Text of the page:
Linda J. Hansen: right. They want somebody to break up the bureaucracy and the uni party and things. And you had mentioned that the issue is important to people the economy, corruption in government, the border, different things like that are so important to Americans across the board, and they're seeing strength. You mentioned policies before. We were recording we were talking about that. When you're polling, you see that there are certain policies that are more popular right now. We've been talking about people, but people and their popularity. Once people, the voters understand the policies, then they start to support the person behind those policies. And I know that's what I try to do with Prosperity 101 is help people understand the policies, and then they can go make their decision on who they want to vote for. But they need to understand the policies of prosperity, the policies of freedom, the policies that will lead to national security and sovereignty. And those policies seem to be polling very well, correct?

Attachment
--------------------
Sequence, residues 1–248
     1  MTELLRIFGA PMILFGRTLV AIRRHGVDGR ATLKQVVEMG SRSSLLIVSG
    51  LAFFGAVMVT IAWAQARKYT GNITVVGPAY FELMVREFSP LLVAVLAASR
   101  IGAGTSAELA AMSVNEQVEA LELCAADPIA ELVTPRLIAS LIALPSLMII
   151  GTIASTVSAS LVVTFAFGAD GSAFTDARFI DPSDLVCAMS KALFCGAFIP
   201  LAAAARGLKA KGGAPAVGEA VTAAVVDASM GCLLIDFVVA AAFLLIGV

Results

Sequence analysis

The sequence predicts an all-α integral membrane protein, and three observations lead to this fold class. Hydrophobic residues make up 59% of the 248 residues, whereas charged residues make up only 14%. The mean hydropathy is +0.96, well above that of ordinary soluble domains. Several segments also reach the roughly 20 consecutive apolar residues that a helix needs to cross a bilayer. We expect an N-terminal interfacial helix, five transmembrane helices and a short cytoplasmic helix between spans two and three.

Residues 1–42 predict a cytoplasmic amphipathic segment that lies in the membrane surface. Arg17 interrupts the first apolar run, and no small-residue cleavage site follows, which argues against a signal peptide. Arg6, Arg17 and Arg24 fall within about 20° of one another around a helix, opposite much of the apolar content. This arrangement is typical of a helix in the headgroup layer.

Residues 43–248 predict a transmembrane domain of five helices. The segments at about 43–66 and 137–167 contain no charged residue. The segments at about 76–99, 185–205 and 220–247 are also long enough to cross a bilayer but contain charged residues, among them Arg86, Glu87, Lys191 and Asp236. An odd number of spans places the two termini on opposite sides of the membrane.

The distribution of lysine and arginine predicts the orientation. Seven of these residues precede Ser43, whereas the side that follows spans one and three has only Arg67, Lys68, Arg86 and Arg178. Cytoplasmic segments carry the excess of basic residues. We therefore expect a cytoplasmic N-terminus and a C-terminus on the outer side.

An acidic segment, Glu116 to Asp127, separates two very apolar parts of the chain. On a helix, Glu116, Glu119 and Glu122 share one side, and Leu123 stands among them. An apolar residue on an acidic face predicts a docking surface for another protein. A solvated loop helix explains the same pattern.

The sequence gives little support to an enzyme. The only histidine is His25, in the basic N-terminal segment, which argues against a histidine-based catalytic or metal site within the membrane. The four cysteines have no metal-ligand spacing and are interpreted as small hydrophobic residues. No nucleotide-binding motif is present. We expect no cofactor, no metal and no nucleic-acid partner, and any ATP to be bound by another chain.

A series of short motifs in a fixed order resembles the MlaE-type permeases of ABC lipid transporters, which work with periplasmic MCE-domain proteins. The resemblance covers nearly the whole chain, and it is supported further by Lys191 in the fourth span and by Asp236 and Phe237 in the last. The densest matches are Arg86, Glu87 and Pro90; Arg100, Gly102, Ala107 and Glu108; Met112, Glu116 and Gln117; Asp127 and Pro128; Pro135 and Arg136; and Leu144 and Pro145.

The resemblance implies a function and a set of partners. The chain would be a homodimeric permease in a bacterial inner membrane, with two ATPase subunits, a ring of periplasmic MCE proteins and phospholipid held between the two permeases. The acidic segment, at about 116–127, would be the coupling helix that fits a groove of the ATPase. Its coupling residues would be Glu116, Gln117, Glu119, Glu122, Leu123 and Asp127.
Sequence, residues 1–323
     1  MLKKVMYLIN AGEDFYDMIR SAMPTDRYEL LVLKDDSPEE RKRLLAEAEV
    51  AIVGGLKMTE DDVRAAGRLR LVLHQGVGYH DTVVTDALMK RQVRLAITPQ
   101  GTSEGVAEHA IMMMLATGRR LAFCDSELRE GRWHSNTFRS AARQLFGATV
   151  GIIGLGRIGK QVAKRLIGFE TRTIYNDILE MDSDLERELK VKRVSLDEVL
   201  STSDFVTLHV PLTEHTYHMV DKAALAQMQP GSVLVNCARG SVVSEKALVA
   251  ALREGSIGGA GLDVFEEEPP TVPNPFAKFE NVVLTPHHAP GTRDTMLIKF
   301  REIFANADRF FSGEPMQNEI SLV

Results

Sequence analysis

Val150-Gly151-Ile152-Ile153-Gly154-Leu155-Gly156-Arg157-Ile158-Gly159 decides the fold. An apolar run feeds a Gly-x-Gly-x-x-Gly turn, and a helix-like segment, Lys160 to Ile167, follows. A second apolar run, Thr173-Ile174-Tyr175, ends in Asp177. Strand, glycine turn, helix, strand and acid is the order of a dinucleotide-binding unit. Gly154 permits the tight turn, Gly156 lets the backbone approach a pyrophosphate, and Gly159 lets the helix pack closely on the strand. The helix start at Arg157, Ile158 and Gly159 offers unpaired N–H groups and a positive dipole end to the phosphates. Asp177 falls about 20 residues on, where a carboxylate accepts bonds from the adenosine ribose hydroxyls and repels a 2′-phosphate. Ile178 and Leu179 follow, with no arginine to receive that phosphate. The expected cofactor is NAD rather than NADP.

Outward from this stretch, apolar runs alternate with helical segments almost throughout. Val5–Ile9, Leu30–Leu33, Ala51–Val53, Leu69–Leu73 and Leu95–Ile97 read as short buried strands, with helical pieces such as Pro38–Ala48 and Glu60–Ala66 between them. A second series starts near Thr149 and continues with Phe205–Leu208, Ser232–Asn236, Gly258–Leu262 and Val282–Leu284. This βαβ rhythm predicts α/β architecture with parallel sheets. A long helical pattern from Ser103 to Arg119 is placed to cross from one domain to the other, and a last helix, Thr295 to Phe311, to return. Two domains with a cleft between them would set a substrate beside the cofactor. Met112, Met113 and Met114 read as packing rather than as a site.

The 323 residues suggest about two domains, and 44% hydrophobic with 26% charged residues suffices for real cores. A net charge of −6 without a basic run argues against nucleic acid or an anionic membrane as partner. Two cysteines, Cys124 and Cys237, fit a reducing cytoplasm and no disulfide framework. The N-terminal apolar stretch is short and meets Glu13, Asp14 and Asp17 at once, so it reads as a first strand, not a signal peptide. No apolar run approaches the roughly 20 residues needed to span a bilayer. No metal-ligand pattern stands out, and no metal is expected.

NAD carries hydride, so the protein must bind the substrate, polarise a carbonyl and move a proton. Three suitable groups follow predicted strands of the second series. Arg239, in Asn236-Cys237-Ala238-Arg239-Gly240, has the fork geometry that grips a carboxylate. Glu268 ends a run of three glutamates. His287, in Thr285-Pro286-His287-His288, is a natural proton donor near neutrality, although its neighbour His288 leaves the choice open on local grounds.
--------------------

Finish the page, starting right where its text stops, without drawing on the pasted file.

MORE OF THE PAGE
Mark Mitchell: Yeah, you really described it very phenomenally there. Trump's platform is, I think, what made Trump popular let me rephrase that maybe not popular, but what got him into the position he was in. Right? Because I think a lot of that was just Trump, too. But then the things that you would say are the perfect Republican platform for 2022 didn't seem to work out as well for the Republicans in general, as you could say. They would have worked out for Trump, I guess is probably the right way of putting it. People cared in 2022 before the midterm. They cared about violent crime, inflation, the border, kitchen table issues, and that's not what the Democrat platform was at all during those time period, and yet Republicans didn't do that great well, you could say, well, why was it? Well, the election, I think, wasn't about Trump, and I don't think people trust the Republican Party. Now, people tell us we've also been pulling on the issues. Who do you trust more? Democrats and Republicans. And Republicans do have a significant edge on almost all issues at this current juncture. But every congressional Republican leader is rated so horribly, and we ask questions like which party is better at getting their own candidates elected and who does the news media favor? And everybody clearly knows that it's Democrats. So there's very little trust in the Republican Party. And I don't think people it's like they care about the issues, but I don't think it enters the mental calculus right now when looking at a candidate. And a perfect example of that is DeSantis. So DeSantis. He does great in Florida. People have a very good view of him. He was rated like. I said more favorable than Trump in November. Trump had a rough patch. He was, like, launching NFTs and supporting Kevin McCarthy, and his numbers went down in January. And then what happened is Trump got his act together. He started campaigning. He went to East Palestine.